Journeys in Taste Interview with Michelin Star Chef Keelan Higgs
How cooking can be so simple yet deliver so much is surely one of life’s greatest mysteries, especially if you live in the kitchen for more of the day than most people. Such conundrums come easy to Greystones, Co Wicklow chef, Keelan Higgs, a culinary creator that committed restaurant-goers in Dublin will know from his previous stints at Locks, Luna, and The Greenhouse.
Jumping from kitchen to kitchen is behind him now – Higgs has been overseeing the Michelin star Variety Jones, Thomas Street, Dublin for over two years, and while the past 15 months haven’t been kind to anyone that runs a restaurant you get a firm sense that Higgs and his tight-knit compadres (which include close relatives) have the suss and smarts to sail through those choppy Covid seas to get to dry, no-pandemic land. The smarts, however, haven’t just landed on his shoulders out of nowhere.
“My dad would have been involved in restaurants when I was a kid,” Higgs outlines, “so I was always around the environment. I always had an interest, too, and veered towards it. Of course, I was advised not to be a chef, what with the hours involved and the usual gripe about how your social life would be out the window. But when you’re told not to do something there’s the tendency to do it, for better or for worse.”
A dedicated work ethic kicked in from when he was a teenager. His first job, he recalls, was at the age of 13, when he worked at the local golf club “washing dishes, doing starters and desserts for various functions.” On finishing school (with, he admits, “an average Leaving Cert” that didn’t provide enough points for an exploratory try at Psychology), he was at what he describes as “a loose end.” A career in cooking, however, was always on the radar, and after working at a local restaurant “until I figured out what to do”, he decided to enrol in Culinary Arts at Dublin Institute of Technology (DIT).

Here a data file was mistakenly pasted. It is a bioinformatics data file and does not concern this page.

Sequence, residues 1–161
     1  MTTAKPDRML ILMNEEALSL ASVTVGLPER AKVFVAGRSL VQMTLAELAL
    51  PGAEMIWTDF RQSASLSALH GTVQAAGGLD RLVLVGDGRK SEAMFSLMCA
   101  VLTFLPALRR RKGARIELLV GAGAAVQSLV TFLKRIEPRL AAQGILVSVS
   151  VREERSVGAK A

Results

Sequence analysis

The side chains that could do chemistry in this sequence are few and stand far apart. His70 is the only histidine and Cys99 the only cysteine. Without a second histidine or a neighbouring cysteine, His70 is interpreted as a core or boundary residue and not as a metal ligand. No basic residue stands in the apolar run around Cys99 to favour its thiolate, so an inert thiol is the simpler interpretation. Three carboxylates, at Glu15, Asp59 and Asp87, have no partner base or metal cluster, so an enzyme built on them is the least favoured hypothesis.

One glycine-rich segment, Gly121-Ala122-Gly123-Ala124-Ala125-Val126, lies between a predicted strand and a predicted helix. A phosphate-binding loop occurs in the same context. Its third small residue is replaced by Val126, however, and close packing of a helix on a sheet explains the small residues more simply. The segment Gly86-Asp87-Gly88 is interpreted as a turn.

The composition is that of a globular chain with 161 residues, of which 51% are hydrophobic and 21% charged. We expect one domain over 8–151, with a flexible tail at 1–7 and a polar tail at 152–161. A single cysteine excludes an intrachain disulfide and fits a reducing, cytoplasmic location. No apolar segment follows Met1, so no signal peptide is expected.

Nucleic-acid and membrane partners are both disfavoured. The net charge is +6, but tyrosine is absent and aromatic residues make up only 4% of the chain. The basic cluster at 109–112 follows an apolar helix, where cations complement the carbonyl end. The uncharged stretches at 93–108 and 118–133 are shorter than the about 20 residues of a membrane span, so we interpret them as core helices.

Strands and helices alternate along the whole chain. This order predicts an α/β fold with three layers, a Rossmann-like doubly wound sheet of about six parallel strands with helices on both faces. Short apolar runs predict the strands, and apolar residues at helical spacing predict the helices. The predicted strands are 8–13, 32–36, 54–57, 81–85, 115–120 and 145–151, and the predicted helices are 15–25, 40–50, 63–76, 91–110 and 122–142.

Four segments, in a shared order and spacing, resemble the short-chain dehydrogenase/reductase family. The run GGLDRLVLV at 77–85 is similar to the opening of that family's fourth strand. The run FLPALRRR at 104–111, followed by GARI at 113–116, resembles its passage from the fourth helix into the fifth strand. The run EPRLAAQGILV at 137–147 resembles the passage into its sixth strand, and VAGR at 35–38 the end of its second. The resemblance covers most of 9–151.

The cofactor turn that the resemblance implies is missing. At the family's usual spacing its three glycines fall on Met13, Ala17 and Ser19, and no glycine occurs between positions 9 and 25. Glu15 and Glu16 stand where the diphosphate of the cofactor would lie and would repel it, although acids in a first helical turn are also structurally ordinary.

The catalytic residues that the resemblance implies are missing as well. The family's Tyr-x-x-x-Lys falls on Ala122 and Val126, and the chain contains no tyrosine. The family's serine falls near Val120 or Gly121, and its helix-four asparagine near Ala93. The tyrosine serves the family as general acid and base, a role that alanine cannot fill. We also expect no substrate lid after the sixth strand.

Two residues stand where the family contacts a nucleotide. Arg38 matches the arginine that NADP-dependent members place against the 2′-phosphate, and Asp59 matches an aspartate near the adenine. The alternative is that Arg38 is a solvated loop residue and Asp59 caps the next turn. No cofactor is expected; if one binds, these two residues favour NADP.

It wasn’t all smooth running during this time, he says. A restaurant he worked in was owned by someone that “didn’t really care about the place, he was just squeezing for every penny he could get until life caught up with him. It came to a point where it was the only place I walked out of. Two days after I left the place closed down, so my assumptions were correct.” The experience of being at the receiving end of such operational ineptitude (deliberate or otherwise) hit Higgs like a tattooist’s needle in the arm – it gave him an absolute sense of how not to do things.
“And of how to do things the way I wanted,” he adds. “That has been a recurring theme in my career. I’ve learnt many lessons along the way and worked in many different places where I have picked up valuable information, but a good deal of it is how I would do things differently. With respect to that particular restaurant experience, it was lesson number one.”
As they are wont to do, further lessons arrived. Higgs remember his years at DIT as being not exactly filled with the joys of typical student revelry. He was seriously minded, at very least, a young man with the fully focused mindset of progressing his career and of not caring if people around him liked the way he went about it. “I suppose I was an angrier man than I am now,” he discloses, an admission that is as honest as you can get. “My attitude back then was that I wasn’t there to make friends, or to be part of the college life – I was there to get a degree in order to advance my career. That approach wasn’t perceived well by some people but, you know, it was what it was. On reflection, of course, I could have taken a step back from that attitude.”